Want to participate in a short research study? Help shape the future of investing tools and you could win a $250 gift card!
Regular readers will know that we love our dividends at Simply Wall St, which is why it's exciting to see Bowl America Incorporated (NYSEMKT:BWL.A) is about to trade ex-dividend in the next 3 days. Investors can purchase shares before the 22nd of July in order to be eligible for this dividend, which will be paid on the 21st of August.
Bowl America's next dividend payment will be US$0.17 per share, on the back of last year when the company paid a total of US$0.70 to shareholders. Last year's total dividend payments show that Bowl America has a trailing yield of 4.7% on the current share price of $14.8864. Dividends are a major contributor to investment returns for long term holders, but only if the dividend continues to be paid. So we need to investigate whether Bowl America can afford its dividend, and if the dividend could grow.
Dividends are typically paid out of company income, so if a company pays out more than it earned, its dividend is usually at a higher risk of being cut. Bowl America paid out 106% of its earnings, which is more than we're comfortable with, unless there are mitigating circumstances. That said, even highly profitable companies sometimes might not generate enough cash to pay the dividend, which is why we should always check if the dividend is covered by cash flow. The company paid out 109% of its free cash flow over the last year, which we think is outside the ideal range for most businesses. Companies usually need cash more than they need earnings - expenses don't pay themselves - so it's not great to see it paying out so much of its cash flow.
Bowl America does have a large net cash position on the balance sheet, which could fund large dividends for a time, if the company so chose. Still, smart investors know that it is better to assess dividends relative to the cash and profit generated by the business. Paying dividends out of cash on the balance sheet is not long-term sustainable.
Cash is slightly more important than profit from a dividend perspective, but given Bowl America's payouts were not well covered by either earnings or cash flow, we would be concerned about the sustainability of this dividend.
Have Earnings And Dividends Been Growing?
Stocks in companies that generate sustainable earnings growth often make the best dividend prospects, as it is easier to lift the dividend when earnings are rising. If earnings fall far enough, the company could be forced to cut its dividend. For this reason, we're glad to see Bowl America's earnings per share have risen 18% per annum over the last five years.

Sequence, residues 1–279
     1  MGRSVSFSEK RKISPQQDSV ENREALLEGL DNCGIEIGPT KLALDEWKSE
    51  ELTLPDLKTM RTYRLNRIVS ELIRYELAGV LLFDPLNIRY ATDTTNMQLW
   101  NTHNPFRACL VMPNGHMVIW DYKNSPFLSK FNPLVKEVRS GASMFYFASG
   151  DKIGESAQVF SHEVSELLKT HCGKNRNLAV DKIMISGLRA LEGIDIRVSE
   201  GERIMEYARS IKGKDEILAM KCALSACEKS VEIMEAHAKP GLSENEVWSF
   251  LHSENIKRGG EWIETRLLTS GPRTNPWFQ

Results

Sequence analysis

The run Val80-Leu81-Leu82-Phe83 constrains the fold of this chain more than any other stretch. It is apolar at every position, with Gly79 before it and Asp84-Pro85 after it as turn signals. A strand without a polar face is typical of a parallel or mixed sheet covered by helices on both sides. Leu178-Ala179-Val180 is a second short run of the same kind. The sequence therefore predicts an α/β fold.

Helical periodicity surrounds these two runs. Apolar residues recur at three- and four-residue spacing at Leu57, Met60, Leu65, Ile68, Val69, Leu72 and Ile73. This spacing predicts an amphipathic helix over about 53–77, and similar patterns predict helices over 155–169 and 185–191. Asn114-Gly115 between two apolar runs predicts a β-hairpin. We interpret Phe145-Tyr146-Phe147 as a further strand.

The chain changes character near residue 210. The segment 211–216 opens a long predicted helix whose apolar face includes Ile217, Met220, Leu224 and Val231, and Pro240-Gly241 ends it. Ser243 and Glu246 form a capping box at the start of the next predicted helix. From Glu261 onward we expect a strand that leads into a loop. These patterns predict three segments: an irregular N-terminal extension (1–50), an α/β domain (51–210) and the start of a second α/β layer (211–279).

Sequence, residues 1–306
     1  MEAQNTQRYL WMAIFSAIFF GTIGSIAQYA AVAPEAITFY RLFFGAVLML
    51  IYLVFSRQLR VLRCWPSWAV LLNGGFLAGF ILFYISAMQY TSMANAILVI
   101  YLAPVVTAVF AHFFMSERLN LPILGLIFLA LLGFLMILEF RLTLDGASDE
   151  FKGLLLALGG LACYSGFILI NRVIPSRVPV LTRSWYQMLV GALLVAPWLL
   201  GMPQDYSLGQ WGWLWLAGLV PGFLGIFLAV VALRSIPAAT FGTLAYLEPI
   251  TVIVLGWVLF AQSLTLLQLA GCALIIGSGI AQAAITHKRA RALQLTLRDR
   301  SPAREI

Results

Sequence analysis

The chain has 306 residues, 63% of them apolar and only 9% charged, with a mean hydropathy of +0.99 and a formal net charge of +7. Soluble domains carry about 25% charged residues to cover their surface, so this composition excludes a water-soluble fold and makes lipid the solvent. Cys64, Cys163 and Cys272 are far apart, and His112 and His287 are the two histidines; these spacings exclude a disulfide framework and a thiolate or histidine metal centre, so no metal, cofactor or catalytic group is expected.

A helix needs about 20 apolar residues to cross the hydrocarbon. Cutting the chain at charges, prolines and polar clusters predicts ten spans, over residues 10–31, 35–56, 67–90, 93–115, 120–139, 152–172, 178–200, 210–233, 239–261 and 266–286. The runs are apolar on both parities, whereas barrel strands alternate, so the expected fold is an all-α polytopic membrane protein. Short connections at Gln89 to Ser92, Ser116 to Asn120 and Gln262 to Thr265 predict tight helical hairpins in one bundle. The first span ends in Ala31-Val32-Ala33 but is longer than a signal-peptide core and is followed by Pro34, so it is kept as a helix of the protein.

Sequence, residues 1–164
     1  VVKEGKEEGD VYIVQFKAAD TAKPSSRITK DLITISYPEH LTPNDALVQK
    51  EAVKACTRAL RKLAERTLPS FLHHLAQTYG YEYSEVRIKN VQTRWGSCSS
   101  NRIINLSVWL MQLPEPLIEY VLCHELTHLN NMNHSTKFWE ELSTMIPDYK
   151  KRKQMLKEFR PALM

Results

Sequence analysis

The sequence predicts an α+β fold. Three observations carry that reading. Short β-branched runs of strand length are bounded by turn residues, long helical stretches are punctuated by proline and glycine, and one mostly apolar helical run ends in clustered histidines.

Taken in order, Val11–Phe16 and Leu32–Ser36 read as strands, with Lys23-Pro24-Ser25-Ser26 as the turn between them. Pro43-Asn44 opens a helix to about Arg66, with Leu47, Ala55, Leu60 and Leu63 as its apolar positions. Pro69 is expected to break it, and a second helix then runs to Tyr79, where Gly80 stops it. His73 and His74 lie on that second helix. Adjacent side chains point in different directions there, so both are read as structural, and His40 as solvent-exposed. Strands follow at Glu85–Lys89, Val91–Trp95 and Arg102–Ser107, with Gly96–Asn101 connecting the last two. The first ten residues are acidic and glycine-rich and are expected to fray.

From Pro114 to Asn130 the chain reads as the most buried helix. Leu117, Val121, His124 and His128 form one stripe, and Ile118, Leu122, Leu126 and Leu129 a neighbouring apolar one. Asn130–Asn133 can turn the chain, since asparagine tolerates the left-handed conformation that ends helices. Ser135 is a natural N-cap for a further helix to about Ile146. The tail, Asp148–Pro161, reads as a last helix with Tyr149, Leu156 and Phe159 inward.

It's not encouraging to see Bowl America paying out basically all of its earnings and cashflow to shareholders. We're glad that earnings are growing rapidly, but we're wary of the company stretching itself financially.
The main way most investors will assess a company's dividend prospects is by checking the historical rate of dividend growth. In the last 10 years, Bowl America has lifted its dividend by approximately 1.6% a year on average. It's good to see both earnings and the dividend have improved - although the former has been rising much quicker than the latter, possibly due to the company reinvesting more of its profits in growth.
The Bottom Line
Should investors buy Bowl America for the upcoming dividend? While it's nice to see earnings per share growing, we're curious about how Bowl America intends to continue growing, or maintain the dividend in a downturn given that it's paying out such a high percentage of its earnings and cashflow. Overall it doesn't look like the most suitable dividend stock for a long-term buy and hold investor.
Keen to explore more data on Bowl America's financial performance? Check out our visualisation of its historical revenue and earnings growth.
We wouldn't recommend just buying the first dividend stock you see, though. Here's a list of interesting dividend stocks with a greater than 2% yield and an upcoming dividend.
We aim to bring you long-term focused research analysis driven by fundamental data. Note that our analysis may not factor in the latest price-sensitive company announcements or qualitative material.
If you spot an error that warrants correction, please contact the editor at firstname.lastname@example.org. This article by Simply Wall St is general in nature. It does not constitute a recommendation to buy or sell any stock, and does not take account of your objectives, or your financial situation. Simply Wall St has no position in the stocks mentioned. Thank you for reading.